Tony likes his books dark and funny, and darkly funny. On this topic, he likes to quote Samuel Beckett: "Nothing is funnier than unhappiness." The quote is from the play “Endgame,” and Tony is sure that he has taken it out of context, but he doesn't care. His favorite season is fall, and his favorite kind of cat is all of them. I think “dark” might be one of his favorite words.
This tragicomedy about faith, fraud, and family is fantastic, farcical, and funny. But, you know, in a dark German way.
Bolano writes like no one I've ever encountered. An open-ended narrative form and a style that might be described as a cataloging of mundane events are the building blocks with which he constructs something mysterious and beautiful.
Faulkner reinvented the novel at least twice. This darkly funny story of the Bundren family's journey to bury their dead mother made me realize that modern isn't new.
Two sisters: Elf is a renowned classical pianist with a loving husband. Yoli is a divorced mother of two teenagers, and a complete mess. But it is Yoli's job to keep her sister from committing suicide. Told in a compelling first-person narrative. And it's funny.
On the first page, a 72-year-old woman in Beirut starts to tell us how she accidentally shampooed her hair blue. I fell in love with her and the book soon after. Aaliya tells us about her family, her city, and her beloved books in one of the most irresistible voices in modern literature.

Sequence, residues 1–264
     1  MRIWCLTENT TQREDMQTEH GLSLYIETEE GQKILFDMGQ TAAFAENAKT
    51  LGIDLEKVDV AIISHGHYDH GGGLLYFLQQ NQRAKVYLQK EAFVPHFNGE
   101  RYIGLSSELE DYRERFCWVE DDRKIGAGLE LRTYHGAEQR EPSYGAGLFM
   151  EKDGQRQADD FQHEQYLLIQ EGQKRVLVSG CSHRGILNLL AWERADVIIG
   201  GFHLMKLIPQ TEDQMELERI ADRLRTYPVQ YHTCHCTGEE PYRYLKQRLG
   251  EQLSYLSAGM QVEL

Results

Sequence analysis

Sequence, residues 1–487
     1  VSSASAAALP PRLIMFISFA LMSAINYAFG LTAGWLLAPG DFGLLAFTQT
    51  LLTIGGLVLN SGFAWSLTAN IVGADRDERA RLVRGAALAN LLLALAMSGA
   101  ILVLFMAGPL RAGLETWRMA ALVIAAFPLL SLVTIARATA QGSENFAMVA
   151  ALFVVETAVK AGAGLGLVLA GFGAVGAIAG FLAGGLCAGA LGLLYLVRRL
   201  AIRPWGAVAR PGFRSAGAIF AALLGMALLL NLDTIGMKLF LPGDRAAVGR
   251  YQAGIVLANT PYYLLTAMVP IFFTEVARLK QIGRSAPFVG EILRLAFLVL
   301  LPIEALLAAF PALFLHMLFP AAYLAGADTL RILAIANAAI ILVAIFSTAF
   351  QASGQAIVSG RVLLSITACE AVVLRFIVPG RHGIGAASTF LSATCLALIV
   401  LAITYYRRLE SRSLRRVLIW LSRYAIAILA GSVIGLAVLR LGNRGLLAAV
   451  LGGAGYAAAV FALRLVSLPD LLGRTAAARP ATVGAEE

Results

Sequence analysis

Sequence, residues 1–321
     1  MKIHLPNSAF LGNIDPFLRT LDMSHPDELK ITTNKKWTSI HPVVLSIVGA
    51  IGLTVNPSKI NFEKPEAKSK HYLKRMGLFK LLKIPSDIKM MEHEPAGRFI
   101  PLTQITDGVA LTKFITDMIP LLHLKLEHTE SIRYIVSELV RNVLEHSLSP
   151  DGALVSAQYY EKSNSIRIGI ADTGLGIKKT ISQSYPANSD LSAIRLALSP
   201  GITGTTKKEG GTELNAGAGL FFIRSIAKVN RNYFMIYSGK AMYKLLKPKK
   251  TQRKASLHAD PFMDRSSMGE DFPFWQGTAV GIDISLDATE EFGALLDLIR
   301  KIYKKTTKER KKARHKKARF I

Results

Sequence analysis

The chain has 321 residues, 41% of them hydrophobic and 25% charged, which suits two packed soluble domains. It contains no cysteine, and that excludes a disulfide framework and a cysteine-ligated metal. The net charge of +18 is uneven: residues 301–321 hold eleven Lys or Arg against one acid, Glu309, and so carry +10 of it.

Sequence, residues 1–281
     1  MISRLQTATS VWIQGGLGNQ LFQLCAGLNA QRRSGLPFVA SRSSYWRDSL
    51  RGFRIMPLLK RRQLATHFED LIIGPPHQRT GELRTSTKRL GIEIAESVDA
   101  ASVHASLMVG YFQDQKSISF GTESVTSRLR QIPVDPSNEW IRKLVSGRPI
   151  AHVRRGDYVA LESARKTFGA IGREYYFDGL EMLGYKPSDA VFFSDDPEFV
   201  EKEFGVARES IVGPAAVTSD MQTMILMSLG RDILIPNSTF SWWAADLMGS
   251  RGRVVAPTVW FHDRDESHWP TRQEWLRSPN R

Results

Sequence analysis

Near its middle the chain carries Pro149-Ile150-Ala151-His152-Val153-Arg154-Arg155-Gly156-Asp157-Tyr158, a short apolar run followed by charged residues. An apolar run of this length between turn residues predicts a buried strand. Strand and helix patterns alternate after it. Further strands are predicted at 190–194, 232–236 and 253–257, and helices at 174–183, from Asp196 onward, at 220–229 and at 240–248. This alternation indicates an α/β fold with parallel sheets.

The stories in this collection are simply stunning. Johnson takes the reader to emotional heights (or perhaps depths) that I had not thought possible.
This story of a middle-aged misfit man and his one-eyed dog is heartbreaking and oh-so beautiful. Baume creates poetry out of the flora and fauna along Irish country roads and the detritus washed up on rocky little beaches.
In an alternate version of 1939, the Communists are in power in Germany, and many ousted Nazis have found refuge in an increasingly Fascist-friendly Britain. This pulp-fiction-inspired genre mashup is one of the most imaginative and disturbing books I've ever read.
When a lovesick South Carolina taxidermist volunteers for a shady neurological study, he ends up a genetically modified (but still lovesick) genius. This dark and hilarious romp is the perfect satire for our post-everything culture. Elliott's talent is monstrous!
Kushner's captivating ride through the downtown New York art world of the 1970s and leftist revolutionary Italy is powered by her dazzling prose. Reno's world is so rich and immediate that the overall effect is one of brilliance.